Slump And Comeback
After suffering a broken collarbone in 1989 and having weak seasons in 1988-89 and 1989-90, Tomba lost the 1991 World Cup in part as a result of a bizarre scandal at Lake Louise, Canada. Tomba was in Lake Louise preparing for a World Cup Super G race, when the manager of the Lake Louise ski area accused him of bad behavior, including knocking a female skier over while cutting into a lift line, and not showing proper respect to officers of the Royal Canadian Mounted Police. Tomba would not be permitted to compete in that Super G unless he publicly apologized. He refused, saying that he had already apologized to the woman whom he had bumped into, that he had done nothing else to apologize for, and blaming the misunderstanding on language differences. The race went on without Tomba (and without an another Italian skier who refused to race in protest of the Tomba decision), and Tomba finished the season just a few points short of the World Cup title. However, a cameraman for the Tele Monte Carlo station later wrote a letter to the International Skiing Federation saying that he had witnessed the incident at Lake Louise and that Tomba really had done nothing wrong. The skiing federation then declared that Lake Louise would no longer be allowed to host World Cup events, but for Tomba, the damage was already done.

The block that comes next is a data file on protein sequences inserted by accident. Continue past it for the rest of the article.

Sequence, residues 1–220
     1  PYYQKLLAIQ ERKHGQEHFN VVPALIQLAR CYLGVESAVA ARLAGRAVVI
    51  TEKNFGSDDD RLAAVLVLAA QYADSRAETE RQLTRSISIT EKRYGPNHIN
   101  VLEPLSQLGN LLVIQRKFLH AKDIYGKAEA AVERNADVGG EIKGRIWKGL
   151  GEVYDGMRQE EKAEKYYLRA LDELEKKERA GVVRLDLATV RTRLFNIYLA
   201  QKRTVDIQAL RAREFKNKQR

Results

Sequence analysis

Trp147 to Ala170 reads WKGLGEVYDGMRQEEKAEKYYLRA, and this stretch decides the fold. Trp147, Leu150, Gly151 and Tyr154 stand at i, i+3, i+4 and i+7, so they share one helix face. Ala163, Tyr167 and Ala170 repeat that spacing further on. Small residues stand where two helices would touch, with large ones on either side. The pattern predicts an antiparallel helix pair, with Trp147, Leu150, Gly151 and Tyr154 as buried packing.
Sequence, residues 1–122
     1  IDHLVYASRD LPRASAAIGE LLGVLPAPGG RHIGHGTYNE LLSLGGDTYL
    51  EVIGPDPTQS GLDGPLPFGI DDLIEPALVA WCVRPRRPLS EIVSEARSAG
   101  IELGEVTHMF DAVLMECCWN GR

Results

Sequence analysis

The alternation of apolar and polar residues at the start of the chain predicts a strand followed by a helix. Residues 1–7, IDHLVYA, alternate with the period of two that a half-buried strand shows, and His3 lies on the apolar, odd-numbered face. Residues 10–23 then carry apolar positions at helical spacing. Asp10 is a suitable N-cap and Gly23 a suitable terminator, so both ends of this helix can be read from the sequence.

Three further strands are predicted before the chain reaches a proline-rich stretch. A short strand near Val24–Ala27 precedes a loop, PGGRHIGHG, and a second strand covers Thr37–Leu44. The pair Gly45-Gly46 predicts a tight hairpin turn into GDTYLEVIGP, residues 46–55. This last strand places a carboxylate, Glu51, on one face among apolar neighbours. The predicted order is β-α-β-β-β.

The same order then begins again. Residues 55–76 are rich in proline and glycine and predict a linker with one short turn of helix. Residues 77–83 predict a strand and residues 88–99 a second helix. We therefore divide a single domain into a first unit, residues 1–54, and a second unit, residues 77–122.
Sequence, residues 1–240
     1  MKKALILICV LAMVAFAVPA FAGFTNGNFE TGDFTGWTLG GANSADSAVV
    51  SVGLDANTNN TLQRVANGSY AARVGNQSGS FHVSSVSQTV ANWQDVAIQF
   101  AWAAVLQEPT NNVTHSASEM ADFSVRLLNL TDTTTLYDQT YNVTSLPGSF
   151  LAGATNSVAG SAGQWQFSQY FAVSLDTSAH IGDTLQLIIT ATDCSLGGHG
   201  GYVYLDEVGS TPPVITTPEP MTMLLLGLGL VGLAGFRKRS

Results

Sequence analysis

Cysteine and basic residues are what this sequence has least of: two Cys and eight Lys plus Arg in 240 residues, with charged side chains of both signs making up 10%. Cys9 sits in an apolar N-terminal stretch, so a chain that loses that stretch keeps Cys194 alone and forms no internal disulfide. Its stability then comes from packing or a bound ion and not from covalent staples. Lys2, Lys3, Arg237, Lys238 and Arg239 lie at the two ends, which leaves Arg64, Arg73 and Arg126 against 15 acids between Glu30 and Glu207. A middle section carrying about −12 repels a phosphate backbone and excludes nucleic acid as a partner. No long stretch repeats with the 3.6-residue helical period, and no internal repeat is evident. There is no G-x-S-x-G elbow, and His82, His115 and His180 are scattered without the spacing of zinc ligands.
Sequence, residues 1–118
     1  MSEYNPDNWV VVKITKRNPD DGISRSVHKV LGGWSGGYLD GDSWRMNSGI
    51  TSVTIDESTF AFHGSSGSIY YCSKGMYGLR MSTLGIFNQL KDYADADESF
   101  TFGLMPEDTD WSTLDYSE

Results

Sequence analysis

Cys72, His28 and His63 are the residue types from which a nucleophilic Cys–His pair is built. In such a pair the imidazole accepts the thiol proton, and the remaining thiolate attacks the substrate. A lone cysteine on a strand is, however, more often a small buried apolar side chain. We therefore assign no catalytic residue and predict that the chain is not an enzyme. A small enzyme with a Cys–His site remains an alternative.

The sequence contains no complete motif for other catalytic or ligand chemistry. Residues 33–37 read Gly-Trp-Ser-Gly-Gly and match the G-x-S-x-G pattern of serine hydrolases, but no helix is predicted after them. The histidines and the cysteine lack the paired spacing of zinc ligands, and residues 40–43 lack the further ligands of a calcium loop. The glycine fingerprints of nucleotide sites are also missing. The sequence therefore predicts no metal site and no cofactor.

Tomba was back in full form by the time the 1992 Albertville, France Olympics rolled around. Or the Albertoville Olympics, as Tomba soon dubbed them. His most often-repeated comment came at those games, when he told reporters that he had changed his training routine in light of the fact that he was getting older: now, instead of sleeping with three women until five A.M., he would sleep with five women until three A.M. (He was kidding.) He also set a new record, becoming the first Alpine skier ever to win back-to-back Olympic gold medals in the same event when he won the giant slalom. Tomba only narrowly missed winning a second gold in slalom as well: he placed second, twenty-eight-hundredths of a second behind the Norwegian Finn Christian Jagge.